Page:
Before we moved in, we ordered a new table, french farm-style, from Restoration Hardware. I agonized over the cracks that seemed like crumb magnets, but it didn’t occur to me that the dusty grey finish (no wax, varnish, etc.) would be literally impossible to clean with anything but a dry cloth, and would suck up unsightly water marks like a sponge. A patina is terrific, but this was just going to look terrible. I have embarked on a quest to seal up the top a bit, starting with Danish Oil and probably finishing with some sort of wax, per my brother’s instructions. The color and grain are much more pronounced now, but I still really like the look, and I’m relieved to be working towards some protection. We bought simple ladder-back black chairs and felt seat cushions from Ikea to fill in until we find the perfect chairs.

We use the back doors as our main entryway (they will likely be replaced with French doors in the near future, since the existing ones are old, hard to close, and are destroying the wall every time they have to be slammed), so I got a shoe-storage bench to keep the shoe pile under control. Very pleased with it, it’s the Eureka Storage Bench from World Market and is solid wood, came quickly, and was easy to assemble.

On the other side of the doors is a narrow space where I slotted in a skinny bookcase from the clearance section at Ballard Designs (sold out now). Again, solid wood, very easy to assemble, and it was about $10 more than a Billy from Ikea. That holds most of my cookbooks and some of my food books.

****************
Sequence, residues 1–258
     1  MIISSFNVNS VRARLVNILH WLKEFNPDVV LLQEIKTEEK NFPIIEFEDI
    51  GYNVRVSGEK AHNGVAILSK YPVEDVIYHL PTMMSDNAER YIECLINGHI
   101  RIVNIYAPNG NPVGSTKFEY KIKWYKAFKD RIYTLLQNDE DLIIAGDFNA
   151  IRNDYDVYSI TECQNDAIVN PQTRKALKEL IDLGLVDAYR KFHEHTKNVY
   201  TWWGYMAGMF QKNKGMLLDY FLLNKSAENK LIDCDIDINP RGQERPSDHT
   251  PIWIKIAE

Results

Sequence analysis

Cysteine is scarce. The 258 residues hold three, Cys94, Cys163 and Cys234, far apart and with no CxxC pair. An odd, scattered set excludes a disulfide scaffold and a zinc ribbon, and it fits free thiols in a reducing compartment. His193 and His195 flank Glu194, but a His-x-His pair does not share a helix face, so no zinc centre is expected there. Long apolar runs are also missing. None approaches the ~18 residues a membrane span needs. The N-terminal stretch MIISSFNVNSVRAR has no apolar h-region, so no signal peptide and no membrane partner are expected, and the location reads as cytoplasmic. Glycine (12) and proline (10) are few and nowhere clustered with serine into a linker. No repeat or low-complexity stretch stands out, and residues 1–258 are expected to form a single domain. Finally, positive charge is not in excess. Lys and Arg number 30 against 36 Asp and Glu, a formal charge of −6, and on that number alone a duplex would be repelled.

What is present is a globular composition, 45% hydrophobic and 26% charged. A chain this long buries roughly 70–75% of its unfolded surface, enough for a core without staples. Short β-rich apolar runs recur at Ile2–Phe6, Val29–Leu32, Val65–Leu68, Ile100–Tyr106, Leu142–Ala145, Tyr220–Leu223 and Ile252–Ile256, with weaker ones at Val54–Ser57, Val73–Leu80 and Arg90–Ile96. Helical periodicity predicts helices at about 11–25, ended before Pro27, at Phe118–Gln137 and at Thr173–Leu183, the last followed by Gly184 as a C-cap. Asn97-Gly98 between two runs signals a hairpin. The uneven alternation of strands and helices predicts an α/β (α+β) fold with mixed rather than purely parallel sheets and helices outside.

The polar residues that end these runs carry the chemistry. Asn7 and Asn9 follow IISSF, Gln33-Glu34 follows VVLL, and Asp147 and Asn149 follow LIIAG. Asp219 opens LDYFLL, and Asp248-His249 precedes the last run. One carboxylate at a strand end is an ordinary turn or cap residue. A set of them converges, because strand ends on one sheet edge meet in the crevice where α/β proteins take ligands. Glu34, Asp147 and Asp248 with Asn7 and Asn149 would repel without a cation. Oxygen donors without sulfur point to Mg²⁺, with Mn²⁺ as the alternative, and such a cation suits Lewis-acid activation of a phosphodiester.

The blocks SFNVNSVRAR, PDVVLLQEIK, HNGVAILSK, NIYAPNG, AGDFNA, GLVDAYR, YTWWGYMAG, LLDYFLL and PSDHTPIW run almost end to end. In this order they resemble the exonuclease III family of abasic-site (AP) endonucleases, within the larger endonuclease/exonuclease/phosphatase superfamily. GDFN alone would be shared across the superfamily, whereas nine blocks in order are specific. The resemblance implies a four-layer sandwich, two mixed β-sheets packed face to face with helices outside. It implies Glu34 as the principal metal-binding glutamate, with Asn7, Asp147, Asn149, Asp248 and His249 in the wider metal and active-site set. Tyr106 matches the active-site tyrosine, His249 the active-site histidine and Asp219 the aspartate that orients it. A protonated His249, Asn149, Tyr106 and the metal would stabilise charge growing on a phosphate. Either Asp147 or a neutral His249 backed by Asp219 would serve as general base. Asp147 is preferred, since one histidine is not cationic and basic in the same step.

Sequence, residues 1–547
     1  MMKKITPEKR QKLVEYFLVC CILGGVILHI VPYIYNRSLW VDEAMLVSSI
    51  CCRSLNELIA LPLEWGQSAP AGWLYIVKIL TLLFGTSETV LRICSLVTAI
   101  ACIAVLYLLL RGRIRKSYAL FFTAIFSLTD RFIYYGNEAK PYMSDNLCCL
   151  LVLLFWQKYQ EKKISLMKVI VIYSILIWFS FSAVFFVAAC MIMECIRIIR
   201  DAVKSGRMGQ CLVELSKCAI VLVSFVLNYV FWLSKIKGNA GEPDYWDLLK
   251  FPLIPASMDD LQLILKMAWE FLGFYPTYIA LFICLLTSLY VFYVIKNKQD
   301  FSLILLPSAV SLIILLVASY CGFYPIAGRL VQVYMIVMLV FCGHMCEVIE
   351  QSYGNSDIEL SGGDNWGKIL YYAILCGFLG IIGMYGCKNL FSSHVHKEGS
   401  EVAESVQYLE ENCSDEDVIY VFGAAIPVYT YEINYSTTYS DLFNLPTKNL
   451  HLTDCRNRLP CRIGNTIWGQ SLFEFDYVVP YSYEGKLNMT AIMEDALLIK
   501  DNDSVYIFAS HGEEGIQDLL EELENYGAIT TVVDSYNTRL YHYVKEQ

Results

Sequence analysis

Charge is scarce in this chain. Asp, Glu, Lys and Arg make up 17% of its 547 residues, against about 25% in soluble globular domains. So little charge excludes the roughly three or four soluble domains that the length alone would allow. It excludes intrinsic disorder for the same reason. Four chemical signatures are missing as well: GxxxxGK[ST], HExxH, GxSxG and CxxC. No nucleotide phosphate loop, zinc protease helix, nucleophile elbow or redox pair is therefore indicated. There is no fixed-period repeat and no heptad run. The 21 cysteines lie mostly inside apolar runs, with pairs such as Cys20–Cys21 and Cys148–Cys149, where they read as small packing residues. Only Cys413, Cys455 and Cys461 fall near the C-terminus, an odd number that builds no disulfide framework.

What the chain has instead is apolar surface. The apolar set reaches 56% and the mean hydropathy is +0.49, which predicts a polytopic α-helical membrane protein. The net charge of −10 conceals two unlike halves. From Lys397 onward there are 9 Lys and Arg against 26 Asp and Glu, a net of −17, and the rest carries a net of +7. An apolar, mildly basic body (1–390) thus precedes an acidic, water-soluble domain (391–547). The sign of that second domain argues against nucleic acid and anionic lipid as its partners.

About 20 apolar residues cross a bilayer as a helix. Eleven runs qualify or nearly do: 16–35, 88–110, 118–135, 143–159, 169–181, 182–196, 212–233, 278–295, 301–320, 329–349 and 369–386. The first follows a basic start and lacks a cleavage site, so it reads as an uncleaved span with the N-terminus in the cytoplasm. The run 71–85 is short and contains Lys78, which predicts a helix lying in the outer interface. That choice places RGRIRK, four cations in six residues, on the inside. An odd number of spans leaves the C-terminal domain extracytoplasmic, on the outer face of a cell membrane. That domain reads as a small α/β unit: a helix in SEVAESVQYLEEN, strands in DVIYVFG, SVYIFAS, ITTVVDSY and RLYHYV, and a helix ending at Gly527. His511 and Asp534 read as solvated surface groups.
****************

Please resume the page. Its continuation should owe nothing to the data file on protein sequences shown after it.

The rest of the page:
Finally, we needed something to hold our china and some serving pieces. We never had a hutch or buffet since the butler’s pantry in the old house held *everything*. After much deliberation and a lot of shopping around, I stumbled across a Curtis Furniture on Etsy, which does custom work in Nebraska. They had a cherry console, very rustic, that appealed to me, and I worked with Jonathan to design the perfect buffet for our one blank wall. I wanted it to be 50″ (standard sizes seem to be 40″ or 60″) so we could slot in an extra chair and Tuck’s Tripp Trapp high chair on either side.

I can’t even, you guys. I first contacted him on February 11, and then we went back and forth until I finally committed and ordered on the 16th. He emailed me progress shots as they worked on it, and the buffet left the workshop March 2. I got it in a GIANT CRATE (see below) on the 7th. It is gorgeous, if hard to photograph–tons of characters, really great knots (two knotholes, which serve to open the doors; they have slow-close hinges so they don’t slam shut), perfect color, beautifully crafted and very sturdy…I couldn’t be happier. It was a bit more than the pressboard junk from Crate and Barrel, but WAY less than the solid wood stuff, and worth every penny.

Anyway, contact Jonathan! Tell him I sent you!

The custom buffet came and I'm in love.

So the final piece (besides hanging art and that clock–I have a Stendig calendar coming for over the buffet!!) is to curtain those huge doors. I got a plain wrought-iron rod, and I’m just trying to figure out the curtains themselves. They will be about 96″ long, and 120″ wide. I got a bunch of fabric swatches:

Exciting! Fabric samples for dining room curtains.

Which I narrowed down to two (I LOVE the multi-colored zigzag but I think it’s better for pillows):

If I get the grey, the texture will actually be the slubby material of the yellow. I love the yellow and I’m obsessed with yellow, always, but I wonder if it will be too much or too limiting? The grey is probably more sophisticated but I just can’t decide. Any opinions?